These results suggest that specific group factors may catalyze effects of ST and GST may be particularly (cost−) effective. To systemically investigate the clinical effectiveness and cost-effectiveness of GST and to test different formats of delivery of GST (GST only vs. a combination of group and individual ST) a large international multicenter RCT on GST for BPD was planned and is underway now (Wetzelaer et al., 2014).
Since feasibility of GST in the German health care system and with BPD patients with high BPD severity and comorbidity had not been tested yet we conducted a pilot study. This study was performed as a pilot study within the frame of the above mentioned international trial on GST (Netherlands Trial Register, number NTR2392). The major aims were to investigate whether a GST program can be implemented in a German University outpatient treatment center under routine mental health care conditions and whether GST is effective even in patients with high BPD severity, high comorbidity, and a history of frequent hospitalization.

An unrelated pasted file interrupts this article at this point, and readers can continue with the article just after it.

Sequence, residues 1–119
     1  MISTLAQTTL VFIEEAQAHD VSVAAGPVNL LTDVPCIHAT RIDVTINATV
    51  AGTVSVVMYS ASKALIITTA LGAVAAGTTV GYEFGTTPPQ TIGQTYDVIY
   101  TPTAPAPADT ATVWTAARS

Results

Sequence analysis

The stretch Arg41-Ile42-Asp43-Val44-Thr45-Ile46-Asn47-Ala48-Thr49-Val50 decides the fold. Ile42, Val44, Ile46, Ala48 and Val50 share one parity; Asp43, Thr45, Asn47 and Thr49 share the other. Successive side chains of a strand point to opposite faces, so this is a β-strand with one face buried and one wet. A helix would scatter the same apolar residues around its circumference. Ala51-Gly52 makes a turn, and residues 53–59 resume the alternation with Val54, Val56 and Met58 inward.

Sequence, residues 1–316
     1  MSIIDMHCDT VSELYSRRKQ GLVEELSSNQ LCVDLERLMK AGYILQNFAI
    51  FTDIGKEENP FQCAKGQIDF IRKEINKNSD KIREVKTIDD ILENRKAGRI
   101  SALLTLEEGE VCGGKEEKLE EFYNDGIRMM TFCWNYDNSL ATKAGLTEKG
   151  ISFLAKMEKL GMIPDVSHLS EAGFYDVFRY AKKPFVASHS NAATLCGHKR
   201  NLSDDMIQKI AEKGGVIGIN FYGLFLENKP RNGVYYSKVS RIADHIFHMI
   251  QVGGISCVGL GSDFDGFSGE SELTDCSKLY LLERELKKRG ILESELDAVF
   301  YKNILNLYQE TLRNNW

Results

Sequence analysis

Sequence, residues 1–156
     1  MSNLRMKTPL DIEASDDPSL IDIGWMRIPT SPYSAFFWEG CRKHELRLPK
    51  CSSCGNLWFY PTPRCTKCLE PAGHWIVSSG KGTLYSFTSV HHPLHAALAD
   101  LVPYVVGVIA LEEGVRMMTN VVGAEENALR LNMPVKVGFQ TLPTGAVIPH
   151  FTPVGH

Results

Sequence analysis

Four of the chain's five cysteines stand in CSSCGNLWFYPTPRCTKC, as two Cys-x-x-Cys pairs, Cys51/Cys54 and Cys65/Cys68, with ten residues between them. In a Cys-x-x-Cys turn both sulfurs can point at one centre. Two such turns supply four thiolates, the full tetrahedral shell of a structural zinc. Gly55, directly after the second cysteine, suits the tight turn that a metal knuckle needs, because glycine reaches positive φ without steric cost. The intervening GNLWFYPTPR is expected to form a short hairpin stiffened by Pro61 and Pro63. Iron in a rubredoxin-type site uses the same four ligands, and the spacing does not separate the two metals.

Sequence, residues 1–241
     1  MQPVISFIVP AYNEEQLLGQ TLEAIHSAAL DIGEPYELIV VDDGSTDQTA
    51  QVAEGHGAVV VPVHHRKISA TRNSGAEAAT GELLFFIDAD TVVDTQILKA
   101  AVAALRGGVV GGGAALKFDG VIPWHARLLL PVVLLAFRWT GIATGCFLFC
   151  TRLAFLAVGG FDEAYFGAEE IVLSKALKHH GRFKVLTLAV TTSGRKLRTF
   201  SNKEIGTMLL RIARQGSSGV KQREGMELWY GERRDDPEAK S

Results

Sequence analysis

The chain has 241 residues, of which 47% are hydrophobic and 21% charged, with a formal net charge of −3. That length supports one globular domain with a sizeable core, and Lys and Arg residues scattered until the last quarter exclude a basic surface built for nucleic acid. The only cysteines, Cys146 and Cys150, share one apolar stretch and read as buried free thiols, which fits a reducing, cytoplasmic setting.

Ten female patients with a primary diagnosis of BPD with high severity were asked to participate in the study. All patients had multiple hospitalizations and outpatient treatments in the past (including 90% of the patients receiving in- and/or outpatient DBT). All but one also received multiple pharmacological treatments. Despite this intensive treatment they were not in remission and were on a waiting list for patients requiring further treatment. Psychosocial functioning was also severely impaired: None of the patients had paid work or was in an education process, three of the patients had at least a day structure with occupational therapy, two women lived in violent partnerships, and none of the patients had a stable intimate relationship without violence. Two patients lived in supervised group housing. The mean age of the sample was 35 (SD 13 years). For the clinical diagnoses we used the Structural Clinical Interview for DSM-IV (SCID I and II) (Fydrich et al., 1997; Wittchen et al., 1997), see Tables 1, 2 for diagnoses. Patients had a very high degree of comorbidity with a mean number of 5.1 (SD 1.8) comorbid axis-I-disorders, and 1.8 (SD 1.5) comorbid personality disorders. (Note: Some patients had more than one anxiety or addictive disorders.)